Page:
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Dr. Mohamed Nour :: Publications:

Experimental study on the combustion performance of a stationary CIDI engine fueled with 1-heptanol-diesel mixtures
Authors: Mohamed Nour; S.A. Nada; Xuesong Li
Year: 2022
Keywords: Diesel engine; 1-heptanol; Vaporization; Higher Alcohol; Combustion; Emissions
Journal: Fuel
Volume: 312
Issue: Not Available
Pages: 122902
Publisher: Elsevier
Local/International: International
Paper Link:
Full paper Mohamed Nour _3.pdf
Supplementary materials Not Available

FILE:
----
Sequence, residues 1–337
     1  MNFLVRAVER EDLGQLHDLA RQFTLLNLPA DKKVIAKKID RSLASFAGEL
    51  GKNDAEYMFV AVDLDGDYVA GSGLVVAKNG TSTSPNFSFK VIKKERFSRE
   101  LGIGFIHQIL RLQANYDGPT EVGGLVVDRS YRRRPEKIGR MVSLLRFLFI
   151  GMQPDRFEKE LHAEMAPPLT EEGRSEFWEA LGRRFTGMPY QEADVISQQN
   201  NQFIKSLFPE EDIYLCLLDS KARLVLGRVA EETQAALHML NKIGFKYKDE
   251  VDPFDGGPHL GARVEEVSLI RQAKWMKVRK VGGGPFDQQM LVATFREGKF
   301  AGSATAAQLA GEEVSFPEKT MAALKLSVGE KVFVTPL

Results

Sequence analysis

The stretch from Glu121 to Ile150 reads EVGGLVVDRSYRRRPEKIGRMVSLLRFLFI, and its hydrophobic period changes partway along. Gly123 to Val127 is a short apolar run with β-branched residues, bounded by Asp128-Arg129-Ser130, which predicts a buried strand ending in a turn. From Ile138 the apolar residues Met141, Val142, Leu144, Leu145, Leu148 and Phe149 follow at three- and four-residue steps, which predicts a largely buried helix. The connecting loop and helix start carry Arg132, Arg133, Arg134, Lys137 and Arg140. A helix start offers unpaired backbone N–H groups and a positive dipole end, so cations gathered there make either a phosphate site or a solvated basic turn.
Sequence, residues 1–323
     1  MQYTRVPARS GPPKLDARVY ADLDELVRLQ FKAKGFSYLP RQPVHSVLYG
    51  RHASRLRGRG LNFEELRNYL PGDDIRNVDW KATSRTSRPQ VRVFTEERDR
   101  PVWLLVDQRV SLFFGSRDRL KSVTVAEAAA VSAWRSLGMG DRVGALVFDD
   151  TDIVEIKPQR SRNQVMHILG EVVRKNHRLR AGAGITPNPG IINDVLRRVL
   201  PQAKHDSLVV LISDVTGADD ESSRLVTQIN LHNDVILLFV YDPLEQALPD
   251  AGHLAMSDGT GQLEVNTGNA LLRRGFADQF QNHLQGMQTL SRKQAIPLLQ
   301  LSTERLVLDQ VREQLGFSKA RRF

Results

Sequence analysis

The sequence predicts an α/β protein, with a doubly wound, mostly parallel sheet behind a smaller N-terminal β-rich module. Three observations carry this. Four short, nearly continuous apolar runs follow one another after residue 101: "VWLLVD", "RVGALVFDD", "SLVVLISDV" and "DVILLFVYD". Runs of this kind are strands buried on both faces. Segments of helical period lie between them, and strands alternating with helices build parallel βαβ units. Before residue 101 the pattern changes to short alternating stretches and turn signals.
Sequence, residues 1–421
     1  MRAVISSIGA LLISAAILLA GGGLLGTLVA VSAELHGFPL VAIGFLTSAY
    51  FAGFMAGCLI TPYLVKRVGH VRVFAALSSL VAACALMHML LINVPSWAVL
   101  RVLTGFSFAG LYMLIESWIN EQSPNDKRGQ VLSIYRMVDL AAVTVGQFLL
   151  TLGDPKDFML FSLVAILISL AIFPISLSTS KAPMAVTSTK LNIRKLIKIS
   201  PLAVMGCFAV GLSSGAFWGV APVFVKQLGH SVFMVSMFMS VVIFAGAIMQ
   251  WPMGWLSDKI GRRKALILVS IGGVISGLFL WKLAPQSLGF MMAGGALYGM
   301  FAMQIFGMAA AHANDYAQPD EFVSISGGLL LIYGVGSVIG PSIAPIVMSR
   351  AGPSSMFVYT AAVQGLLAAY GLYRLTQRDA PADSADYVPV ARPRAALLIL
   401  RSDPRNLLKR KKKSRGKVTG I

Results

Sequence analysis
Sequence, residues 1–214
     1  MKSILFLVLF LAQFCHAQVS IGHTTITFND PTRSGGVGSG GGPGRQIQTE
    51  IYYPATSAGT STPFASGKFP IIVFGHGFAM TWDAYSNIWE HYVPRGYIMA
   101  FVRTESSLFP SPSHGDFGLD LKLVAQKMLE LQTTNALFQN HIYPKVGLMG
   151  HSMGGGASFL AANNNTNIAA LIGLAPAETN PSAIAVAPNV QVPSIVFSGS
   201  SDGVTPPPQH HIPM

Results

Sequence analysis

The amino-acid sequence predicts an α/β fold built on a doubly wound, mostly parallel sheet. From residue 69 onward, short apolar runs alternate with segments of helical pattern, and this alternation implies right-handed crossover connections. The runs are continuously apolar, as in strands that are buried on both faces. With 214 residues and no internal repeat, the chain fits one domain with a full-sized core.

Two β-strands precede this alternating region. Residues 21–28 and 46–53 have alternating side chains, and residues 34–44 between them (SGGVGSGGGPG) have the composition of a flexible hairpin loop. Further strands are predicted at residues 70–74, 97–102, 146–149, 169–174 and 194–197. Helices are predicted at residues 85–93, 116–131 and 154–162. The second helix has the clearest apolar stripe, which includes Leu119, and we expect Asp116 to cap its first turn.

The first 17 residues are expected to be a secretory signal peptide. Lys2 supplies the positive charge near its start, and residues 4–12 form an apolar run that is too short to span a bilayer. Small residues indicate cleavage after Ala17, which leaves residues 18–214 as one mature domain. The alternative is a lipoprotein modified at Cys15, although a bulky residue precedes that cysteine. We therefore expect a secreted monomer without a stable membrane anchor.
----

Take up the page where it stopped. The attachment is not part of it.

Because of its distinctive physicochemical properties, 1-heptanol has the potential to be widely used for fueling compression ignition direct injection (CIDI) engines. Its renewability also makes 1-heptanol an attractive option for this and other applications. In this study, we investigated the combustion of different 1-heptanol/diesel blends with up to 50 vol% 1-heptanol in a stationary CIDI engine under low injection pressure. The substitution ratios of 1-heptanol/diesel used were 10/90, 20/80, 30/70, 40/60, and 50/50 (v/v%), denoted in the text as Hep10, Hep20, Hep30, Hep40, and Hep50. This work utilized a one-cylinder naturally-aspirated air-cooled CIDI research engine. Steady-state tests were performed at various loads ranging from 10% to 100% and engine speeds between 900 and 1500 rpm. Our findings from the thermogravimetric experiment revealed that the 1-heptanol/diesel mixture evaporates faster than pure diesel. The 1-heptanol/diesel mixtures show longer ignition delay and are more likely to burn during the premixed combustion phase than diesel. Also, Hep10-50 blends release more heat in the premixed fast-burn mode, in contrast to regular diesel. Hep10-50 mixtures showed higher cyclic variation than diesel. The highest cyclic variation was for Hep30, with a COVimep of 3.25%. At 75% load, compared to standard diesel, Hep50 showed a higher BTE and combustion efficiency by 1% and 3%, respectively, while the BSEC was lower than diesel by 5.8%. At 100% load, the peak cylinder pressure of Hep50 was higher than diesel by 3.8%, while the BTE and the combustion efficiency of Hep50 were lower than diesel by 2.5% and 2%. For engine loads of 10–75%, there were some improvements in engine performance for Hep10-50 mixtures compared to diesel, while a slight deterioration in engine performance was noted at 100% for Hep10-50 blends. For the Hep50 mixture, soot and NOx emissions were reduced by 70% and 25%, respectively, compared to diesel.

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